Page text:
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Striatal lesions in the mouse disrupt acquisition and retention, but not implicit learning, in the SILT procedural motor learning task

Brooks, Simon Philip, Trueman, Rebecca C. and Dunnett, Stephen Bruce 2007. Striatal lesions in the mouse disrupt acquisition and retention, but not implicit learning, in the SILT procedural motor learning task. Brain Research 1185 , pp. 179-188. 10.1016/j.brainres.2007.09.017

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Abstract

People with Huntington's disease (HD) have been found to have an implicit learning deficit whereby they are typically unable to detect repeated sequences embedded within randomly presented stimuli. The operant serial implicit learning task (SILT) was designed to probe animal models of HD for implicit learning deficits using the 9-hole box apparatus. The present study used mice to determine whether “early” striatal lesions would prevent SILT acquisition and to confirm previous findings that post-training “late lesions” would impair the retention of task performance. The SILT is a two-phase task whereby an initial stimulus light (S1) presentation was presented in one of five possible locations. A correct nose-poke response to the S1 resulted in this light being extinguished and a second, apparently random light presentation (S2). A correct nose-poke to S2 resulted in a reward. Within the apparently random stimulus light presentations, a predictable S1/S2 combination was embedded. Both lesion groups (“early” pre-acquisition and “late” post-acquisition lesions) demonstrated increased reaction times to S1, with the late-lesion group also recording reduced task accuracy when compared with the sham control group. The early-lesion group also demonstrated increased response latencies for the S2 stimuli during task acquisition, this was also true for task retention in the late-lesion group. No difference between the control group and early-lesion group was found for the S2 response accuracy during the acquisition period. After the lesioning of the late-lesion group, both lesion groups demonstrated reduced accuracy to the S2 stimuli as the control group improved their performance throughout the test period, while the accuracy of both lesion groups remained stable at a lower performance level. All three experimental groups were able to utilize the embedded predictable information. The present data suggest that the striatum is important for the acquisition and retention of motor learning tasks, but does not play a role in the learning of implicit information.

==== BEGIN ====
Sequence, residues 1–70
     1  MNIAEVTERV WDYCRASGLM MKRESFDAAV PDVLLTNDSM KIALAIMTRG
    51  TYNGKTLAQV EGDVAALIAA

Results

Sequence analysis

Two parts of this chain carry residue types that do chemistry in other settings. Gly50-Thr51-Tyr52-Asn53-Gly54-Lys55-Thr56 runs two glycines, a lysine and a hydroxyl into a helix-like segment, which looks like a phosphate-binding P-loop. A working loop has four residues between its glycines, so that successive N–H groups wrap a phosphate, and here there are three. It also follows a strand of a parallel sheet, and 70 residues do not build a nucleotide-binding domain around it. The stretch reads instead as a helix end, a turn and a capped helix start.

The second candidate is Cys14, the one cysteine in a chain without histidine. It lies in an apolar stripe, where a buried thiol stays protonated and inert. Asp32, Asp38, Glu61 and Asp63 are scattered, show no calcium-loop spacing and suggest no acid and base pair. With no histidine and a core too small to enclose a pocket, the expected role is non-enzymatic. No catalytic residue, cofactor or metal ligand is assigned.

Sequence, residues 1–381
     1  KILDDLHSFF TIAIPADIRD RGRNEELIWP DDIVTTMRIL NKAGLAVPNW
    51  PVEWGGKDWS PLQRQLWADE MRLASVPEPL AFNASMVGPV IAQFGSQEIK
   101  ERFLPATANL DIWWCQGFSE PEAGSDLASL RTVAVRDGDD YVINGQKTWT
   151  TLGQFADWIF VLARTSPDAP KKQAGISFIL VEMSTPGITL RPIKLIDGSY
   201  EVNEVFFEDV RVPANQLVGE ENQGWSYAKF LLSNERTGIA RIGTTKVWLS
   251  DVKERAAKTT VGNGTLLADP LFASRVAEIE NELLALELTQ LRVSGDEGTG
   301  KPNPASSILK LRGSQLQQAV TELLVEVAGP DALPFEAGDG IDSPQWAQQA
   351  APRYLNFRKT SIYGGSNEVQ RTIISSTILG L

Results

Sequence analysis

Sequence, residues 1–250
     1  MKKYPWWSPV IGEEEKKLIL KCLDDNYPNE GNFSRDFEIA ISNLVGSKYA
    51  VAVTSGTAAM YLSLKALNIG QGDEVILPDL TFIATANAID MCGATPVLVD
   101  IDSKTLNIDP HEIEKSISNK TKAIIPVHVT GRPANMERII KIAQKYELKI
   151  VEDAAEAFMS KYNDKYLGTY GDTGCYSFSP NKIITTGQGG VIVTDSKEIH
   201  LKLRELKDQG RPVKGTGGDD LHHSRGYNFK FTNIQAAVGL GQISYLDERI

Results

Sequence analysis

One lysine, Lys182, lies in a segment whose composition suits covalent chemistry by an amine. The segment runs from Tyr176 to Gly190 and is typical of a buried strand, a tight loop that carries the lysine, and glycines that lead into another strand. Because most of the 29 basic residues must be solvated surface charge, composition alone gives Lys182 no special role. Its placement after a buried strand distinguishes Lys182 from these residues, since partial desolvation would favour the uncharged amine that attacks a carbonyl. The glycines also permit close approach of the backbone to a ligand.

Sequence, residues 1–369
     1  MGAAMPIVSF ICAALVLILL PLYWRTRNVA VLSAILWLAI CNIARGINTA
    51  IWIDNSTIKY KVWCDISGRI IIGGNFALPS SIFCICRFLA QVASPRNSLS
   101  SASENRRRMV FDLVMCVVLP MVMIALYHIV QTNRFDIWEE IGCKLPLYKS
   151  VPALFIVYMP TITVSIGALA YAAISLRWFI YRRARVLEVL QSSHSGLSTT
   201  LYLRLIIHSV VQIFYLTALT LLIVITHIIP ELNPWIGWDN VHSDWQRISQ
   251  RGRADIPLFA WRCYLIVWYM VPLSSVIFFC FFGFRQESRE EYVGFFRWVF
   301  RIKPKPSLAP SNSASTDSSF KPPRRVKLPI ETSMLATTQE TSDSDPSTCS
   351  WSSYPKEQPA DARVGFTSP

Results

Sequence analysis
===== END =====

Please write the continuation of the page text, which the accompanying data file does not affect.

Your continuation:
Item Type: Article
Date Type: Publication
Status: Published
Schools: Biosciences
ISSN: 0006-8993
Last Modified: 04 Jun 2017 06:34
URI: http://orca.cf.ac.uk/id/eprint/62342

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